Teresa, a fifty-year-old Austrian mother, travels to the paradise of the beaches of Kenya, seeking out love from African boys. But she must confront the hard truth that on the beaches of Kenya, love is a business.
On the beaches of Kenya they're known as "Sugar Mamas" -- European women who seek out African boys selling love to earn a living. Teresa, a fifty-year-old Austrian and mother of a daughter entering puberty, travels to this vacation paradise. She goes from one beach boy to the next, from one disappointment to the next and finally she must recognize: On the beaches of Kenya, love is a business.Written by
After watching the first part of Ulrich Seidl's PARADISE trilogy you just have to answer to one question to know whether this Austrian director is doing worth watching material or not – "would I like to watch the second part?" And well, I would. There's really nothing quite like this film, for better or worse; although some of themes it touches aren't something we couldn't find elsewhere. It's about a woman, or better said women in their fifties or something who aren't happy – they have never been satisfied with the way they look and with their whole love life.
The first unusual thing is the setting: the African country Kenya. To call this some sort of definitive look at the culture of Kenya would be simplify things very much. It's really just a look at the Kenya that's close to the tourists. Nevertheless is a very rich film for that matter, with a quick learning of part of the culture – it's funny that we get to learn some African phrases that most likely, well one in specific, will make you remember Disney's THE LION KING!
The reason we don't see much of Kenya is that our main character Teresa (Margarethe Tiesel) is the representation of a tourist who's not traveling just to know a different part of the world but to find a new part of herself (and to do that she doesn't need to go very far from her hotel). PARADISE: LOVE is one of those films that constantly make you feel sorry for the respective protagonist. Ulrich definitely succeeded in creating a piece where things aren't totally messed up only superficially. Teresa is leaving her country Austria for the paradise of the title. The paradise refers to both the place and the things she believes is up to: a complete sexual freedom in Africa that ultimately could end in an experimentation of love – love is, unlike in Europe, eternal in Africa, says one of the main Kenyan characters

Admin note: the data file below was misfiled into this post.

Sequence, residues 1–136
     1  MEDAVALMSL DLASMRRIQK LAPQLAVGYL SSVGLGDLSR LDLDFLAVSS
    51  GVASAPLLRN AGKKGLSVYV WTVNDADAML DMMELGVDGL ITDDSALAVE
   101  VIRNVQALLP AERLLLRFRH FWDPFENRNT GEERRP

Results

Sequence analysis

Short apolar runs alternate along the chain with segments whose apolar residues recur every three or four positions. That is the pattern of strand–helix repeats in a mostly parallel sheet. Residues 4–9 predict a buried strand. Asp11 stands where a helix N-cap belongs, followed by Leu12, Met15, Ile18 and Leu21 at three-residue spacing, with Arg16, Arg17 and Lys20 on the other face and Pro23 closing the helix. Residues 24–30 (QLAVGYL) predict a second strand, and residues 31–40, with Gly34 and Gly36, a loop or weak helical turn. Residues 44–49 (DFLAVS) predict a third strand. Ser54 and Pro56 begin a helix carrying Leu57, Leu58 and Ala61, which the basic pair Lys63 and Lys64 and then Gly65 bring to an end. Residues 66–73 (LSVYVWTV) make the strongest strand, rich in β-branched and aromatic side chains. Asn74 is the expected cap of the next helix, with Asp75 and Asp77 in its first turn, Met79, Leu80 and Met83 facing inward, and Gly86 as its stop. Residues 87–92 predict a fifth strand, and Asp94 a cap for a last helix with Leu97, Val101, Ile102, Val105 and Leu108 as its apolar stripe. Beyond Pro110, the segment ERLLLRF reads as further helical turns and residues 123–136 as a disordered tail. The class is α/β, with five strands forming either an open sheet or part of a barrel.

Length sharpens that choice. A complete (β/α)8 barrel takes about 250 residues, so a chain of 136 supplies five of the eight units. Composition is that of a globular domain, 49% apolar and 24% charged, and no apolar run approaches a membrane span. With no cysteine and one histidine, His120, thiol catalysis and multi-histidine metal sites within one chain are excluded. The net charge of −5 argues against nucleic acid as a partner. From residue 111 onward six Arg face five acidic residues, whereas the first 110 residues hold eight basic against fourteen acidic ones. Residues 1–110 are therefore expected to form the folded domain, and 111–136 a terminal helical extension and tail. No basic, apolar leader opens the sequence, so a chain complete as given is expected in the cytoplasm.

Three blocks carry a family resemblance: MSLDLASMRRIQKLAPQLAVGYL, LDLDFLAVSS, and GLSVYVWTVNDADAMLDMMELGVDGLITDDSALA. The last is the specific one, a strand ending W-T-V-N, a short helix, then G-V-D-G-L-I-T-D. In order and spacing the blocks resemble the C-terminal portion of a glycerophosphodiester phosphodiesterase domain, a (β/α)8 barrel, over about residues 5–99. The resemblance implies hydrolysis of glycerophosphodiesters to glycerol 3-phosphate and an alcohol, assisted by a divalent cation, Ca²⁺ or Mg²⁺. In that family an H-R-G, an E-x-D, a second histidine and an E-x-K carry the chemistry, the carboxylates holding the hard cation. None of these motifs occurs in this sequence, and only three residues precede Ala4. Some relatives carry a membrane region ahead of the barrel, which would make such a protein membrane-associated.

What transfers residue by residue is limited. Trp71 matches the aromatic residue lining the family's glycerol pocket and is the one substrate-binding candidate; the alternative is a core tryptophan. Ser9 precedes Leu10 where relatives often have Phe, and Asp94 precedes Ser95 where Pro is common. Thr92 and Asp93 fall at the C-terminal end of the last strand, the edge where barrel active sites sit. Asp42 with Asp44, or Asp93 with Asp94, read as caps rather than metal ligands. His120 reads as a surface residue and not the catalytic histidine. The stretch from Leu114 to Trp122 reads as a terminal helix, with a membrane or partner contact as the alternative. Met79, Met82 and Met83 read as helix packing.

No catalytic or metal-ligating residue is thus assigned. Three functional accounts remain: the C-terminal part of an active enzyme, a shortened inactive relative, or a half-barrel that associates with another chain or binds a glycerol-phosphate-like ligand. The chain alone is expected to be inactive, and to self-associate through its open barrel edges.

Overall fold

As you can tell, things aren't going to be as good as planned for Teresa. You may be thinking this is therefore a very sad film with the likes of a Todd Solondz film. After all, we have an upper middle class European woman with overweight continually suffering as sadness and dissatisfaction. Like I said, superficially things aren't quite depressing. PARADISE: LOVE is a women-having-crazy-vacation-fun film too – I'm writing this as a guy in his early twenties but if there's an audience that will "get" the film is definitely women in their forties or something close. What we have here is a very feminine point of view.
Therefore its sexual content is unusual as well – I'm pretty sure this film is one of the most, if not the most explicit one of the year, yet we don't have any intercourse scene. It's a take on male prostitution too – this is why, I think, the explicit material is only there to capture those women's lust and, essentially, idea of a real paradise. In other words: there's a lot of male nudity you've been warned! The film is a deep, and very different sort-of "chick flick"; a sad look at a real issue that sometimes is funny.
*Watched it on 02 December, 2012
24 of 34 people found this review helpful.
Was this review helpful to you?
| Report this